Such is the view which the President has after mature consideration taken of the engagement contained in the 6th article of the Treaty of Amity; and as the proceedings of the Board have been interupted by the secession of the Comrs. named on the part of the United States, he has deemed it incompatible with the honour of the Government to propose a negociation which shall in the least degree diminish the effect of the existing stipulation; on the part of his B. M it will not be desired that the engagement should be extended by an undue construction if the concurrence of the British Governt cannot be obtained to the principles herein asserted, the most positive assurances may be given that any arguments which may be adduced in support of the different interpretation, will be considered with respectful attention and pres[u]mably answered under the influence of those friendly sentiments which it is the sincere desire of the American Government to cherish & perpetuate between the two nations.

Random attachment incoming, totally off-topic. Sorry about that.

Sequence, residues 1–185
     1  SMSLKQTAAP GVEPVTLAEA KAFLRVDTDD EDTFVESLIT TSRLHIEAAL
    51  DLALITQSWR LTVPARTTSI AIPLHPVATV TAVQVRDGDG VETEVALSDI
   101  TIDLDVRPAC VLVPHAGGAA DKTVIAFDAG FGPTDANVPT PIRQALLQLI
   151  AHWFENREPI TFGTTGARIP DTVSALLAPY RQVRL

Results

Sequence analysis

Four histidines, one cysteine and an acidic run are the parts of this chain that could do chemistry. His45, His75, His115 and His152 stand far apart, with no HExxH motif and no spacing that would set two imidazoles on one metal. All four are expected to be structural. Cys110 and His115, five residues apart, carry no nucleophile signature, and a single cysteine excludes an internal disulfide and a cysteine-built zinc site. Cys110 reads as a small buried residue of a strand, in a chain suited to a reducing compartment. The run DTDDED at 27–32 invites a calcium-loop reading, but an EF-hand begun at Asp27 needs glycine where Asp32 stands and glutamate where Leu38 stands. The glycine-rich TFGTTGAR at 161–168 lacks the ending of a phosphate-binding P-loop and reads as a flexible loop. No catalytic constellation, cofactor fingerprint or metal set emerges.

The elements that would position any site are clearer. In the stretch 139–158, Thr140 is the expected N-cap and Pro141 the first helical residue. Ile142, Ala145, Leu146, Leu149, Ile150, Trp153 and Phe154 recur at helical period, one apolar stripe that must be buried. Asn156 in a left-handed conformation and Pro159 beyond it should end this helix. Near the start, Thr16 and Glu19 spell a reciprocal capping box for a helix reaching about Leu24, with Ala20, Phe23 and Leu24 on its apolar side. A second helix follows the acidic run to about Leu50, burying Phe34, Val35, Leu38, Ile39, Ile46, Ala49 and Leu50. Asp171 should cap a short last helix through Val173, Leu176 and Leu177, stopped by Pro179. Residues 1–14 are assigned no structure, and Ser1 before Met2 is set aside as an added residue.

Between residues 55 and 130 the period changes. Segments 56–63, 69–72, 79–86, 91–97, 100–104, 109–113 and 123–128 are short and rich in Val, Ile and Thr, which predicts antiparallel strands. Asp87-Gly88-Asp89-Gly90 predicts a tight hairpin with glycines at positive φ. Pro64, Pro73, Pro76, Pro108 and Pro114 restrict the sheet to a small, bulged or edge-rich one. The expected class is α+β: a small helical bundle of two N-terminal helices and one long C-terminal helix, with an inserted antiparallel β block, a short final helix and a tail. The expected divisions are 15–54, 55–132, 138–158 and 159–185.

It may also be declared that the American Govt is far from desiring that the Treaty of Amity should receive a partial execution and that untill the 6th article shall be in a course of adjustment, it is preferred that the proceedings under the 7th article should remain suspended on the terms announced by his B. Majesty, which are entirely satisfactory.

All which is respectfully / by

Oliv. Wolcott

CtHi: Oliver Wolcott, Jr. Papers.